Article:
My real goal, besides just wanting to know how things work, is to get the context menu to close more reliably when the user mouses off of it. Right now the context menu is positioned so that the mouse cursor is at its 0,0 corner. If the mouse is immediately moved left or up, that doesn't seem to trigger a mouseout event and the context menu can just stay floating there. I thought that maybe if the context menu was offset so the mouse pointer started inside its boundaries, then that problem could be reduced. There are horizontaloffset and verticaloffset parameters, but not until Richfaces 4. I thought something in the context might help, but I can't even figure out an experiment to test that.
 
Tim Holloway
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Good documentation is a rare and precious find. Most non-commercial (and some commercial) documentation ultimately comes from people who'd rather be doing creative software design than writing a manual, is often written by people who forgot how un-intutitive their core concepts are (since they've likely been using the stuff daily for a year or so by that time - AND the basic architecture probably mutated as the system developed).

Then there's the other problem, which is that the primary author(s?) of RichFaces are not native English speakers.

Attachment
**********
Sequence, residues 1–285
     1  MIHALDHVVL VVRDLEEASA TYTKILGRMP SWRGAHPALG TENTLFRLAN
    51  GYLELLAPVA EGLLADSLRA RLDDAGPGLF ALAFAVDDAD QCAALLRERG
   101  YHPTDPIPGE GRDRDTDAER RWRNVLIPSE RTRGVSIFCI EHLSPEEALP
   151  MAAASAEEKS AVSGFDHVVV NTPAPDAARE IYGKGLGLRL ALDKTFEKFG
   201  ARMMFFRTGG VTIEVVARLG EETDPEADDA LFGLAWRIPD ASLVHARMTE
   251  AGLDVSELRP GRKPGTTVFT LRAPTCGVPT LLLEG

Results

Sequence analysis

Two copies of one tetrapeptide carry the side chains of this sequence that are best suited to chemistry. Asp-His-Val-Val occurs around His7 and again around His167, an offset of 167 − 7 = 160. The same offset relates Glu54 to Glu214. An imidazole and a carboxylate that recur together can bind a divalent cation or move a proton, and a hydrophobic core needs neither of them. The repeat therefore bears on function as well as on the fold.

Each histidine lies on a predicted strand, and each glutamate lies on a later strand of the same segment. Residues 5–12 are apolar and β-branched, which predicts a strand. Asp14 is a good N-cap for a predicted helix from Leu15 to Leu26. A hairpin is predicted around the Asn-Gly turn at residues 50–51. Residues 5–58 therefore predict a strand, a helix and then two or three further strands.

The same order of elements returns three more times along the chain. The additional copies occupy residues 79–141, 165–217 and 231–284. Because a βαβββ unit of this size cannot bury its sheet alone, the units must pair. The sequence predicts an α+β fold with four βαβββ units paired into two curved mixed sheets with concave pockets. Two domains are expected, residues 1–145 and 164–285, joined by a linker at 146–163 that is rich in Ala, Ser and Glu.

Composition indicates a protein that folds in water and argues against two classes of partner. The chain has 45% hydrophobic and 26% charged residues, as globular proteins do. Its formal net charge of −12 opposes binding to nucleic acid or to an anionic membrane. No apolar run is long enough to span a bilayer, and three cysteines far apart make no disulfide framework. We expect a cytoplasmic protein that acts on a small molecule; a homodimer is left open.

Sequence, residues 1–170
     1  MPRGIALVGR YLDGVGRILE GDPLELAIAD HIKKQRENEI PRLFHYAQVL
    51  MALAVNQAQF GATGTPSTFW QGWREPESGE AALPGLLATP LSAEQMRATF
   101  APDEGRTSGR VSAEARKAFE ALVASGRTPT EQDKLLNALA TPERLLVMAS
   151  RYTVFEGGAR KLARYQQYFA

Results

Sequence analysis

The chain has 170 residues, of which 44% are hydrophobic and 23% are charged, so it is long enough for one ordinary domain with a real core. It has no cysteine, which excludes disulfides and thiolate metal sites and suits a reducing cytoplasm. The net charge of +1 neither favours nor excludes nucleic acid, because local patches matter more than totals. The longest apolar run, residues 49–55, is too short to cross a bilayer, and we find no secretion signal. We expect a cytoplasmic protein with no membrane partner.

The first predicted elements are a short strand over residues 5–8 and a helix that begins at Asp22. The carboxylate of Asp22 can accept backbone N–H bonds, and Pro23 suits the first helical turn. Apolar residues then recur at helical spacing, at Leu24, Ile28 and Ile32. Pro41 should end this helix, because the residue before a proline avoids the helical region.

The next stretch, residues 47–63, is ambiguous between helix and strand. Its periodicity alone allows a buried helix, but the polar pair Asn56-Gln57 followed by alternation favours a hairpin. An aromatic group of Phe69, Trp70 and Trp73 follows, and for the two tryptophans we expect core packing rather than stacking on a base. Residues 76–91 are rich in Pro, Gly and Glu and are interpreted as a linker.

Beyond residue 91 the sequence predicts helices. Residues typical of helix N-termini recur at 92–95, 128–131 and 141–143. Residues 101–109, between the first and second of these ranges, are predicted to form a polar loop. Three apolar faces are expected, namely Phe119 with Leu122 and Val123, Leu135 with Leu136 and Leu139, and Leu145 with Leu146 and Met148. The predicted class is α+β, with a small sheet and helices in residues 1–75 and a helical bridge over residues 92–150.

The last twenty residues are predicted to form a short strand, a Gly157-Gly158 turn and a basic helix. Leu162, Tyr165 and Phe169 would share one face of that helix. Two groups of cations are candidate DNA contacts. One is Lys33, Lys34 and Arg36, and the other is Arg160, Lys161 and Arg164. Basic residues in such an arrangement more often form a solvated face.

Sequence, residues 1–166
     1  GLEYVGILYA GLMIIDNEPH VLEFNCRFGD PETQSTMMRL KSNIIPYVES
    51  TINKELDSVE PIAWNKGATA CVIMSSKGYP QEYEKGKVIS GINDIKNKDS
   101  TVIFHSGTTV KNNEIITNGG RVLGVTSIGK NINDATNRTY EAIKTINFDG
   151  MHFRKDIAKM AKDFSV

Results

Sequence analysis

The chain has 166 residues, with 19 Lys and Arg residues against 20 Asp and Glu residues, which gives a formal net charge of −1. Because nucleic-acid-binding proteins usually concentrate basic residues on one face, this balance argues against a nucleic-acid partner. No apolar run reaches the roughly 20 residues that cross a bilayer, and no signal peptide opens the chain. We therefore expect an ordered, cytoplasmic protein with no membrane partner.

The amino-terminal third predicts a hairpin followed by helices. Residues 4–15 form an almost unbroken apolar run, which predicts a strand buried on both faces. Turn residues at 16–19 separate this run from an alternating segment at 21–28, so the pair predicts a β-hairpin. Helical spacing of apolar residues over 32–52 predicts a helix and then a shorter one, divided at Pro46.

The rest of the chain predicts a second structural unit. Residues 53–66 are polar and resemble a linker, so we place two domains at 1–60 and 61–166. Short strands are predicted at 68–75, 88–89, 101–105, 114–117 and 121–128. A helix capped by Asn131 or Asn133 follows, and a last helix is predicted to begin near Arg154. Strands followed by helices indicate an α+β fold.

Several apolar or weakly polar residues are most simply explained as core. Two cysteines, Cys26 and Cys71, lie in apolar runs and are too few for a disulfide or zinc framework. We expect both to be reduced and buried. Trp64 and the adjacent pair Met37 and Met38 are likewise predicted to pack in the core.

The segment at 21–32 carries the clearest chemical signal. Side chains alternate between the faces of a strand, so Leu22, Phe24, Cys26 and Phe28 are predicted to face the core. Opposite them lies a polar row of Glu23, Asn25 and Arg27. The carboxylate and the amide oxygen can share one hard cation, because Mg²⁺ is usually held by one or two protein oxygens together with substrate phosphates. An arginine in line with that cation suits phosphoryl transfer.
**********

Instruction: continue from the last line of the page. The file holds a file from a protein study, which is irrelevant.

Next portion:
I know it's fashionable to complain about stuff written in Indian English, but I'd rather have that than Russian English. Russian lacks the definite and indefinite articles and when you're dealing with technical nuances, often "circle", "a circle" and "the circle" have critically different meanings. Indian English mostly just has problems in prepositions, and don't we all?

I think RF4 is functionally more solid now, although I was disappointed that dealing with pick lists is still a horror. I really do think that they could have put more effort into backwards compatibility, though. I'd volunteer for the job myself if I could afford it. Java isn't supposed to leave you twisting in the wind. That's what Microsoft is for. Then again, in my more cynical moments, I remember that they're apparently willing to provide conversion services. For a fee.
 
Greg Charles
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Yes, I see what you mean. I actually find Ilya understandable most of the time, and as a developer, I appreciate just how much work he's putting into Richfaces. At the time I was trying to do the upgrade though, it wasn't a matter of the documentation being poorly written ... it just didn't exist at all. I'd go to the page documenting attributes for a particular component and it would just list the attribute names, while all the descriptions were empty. That's been mostly taken care of I think, but even in the wilds of open source software, I would have expected that to be complete one before RichFaces 4 was labeled "final". Oh, well.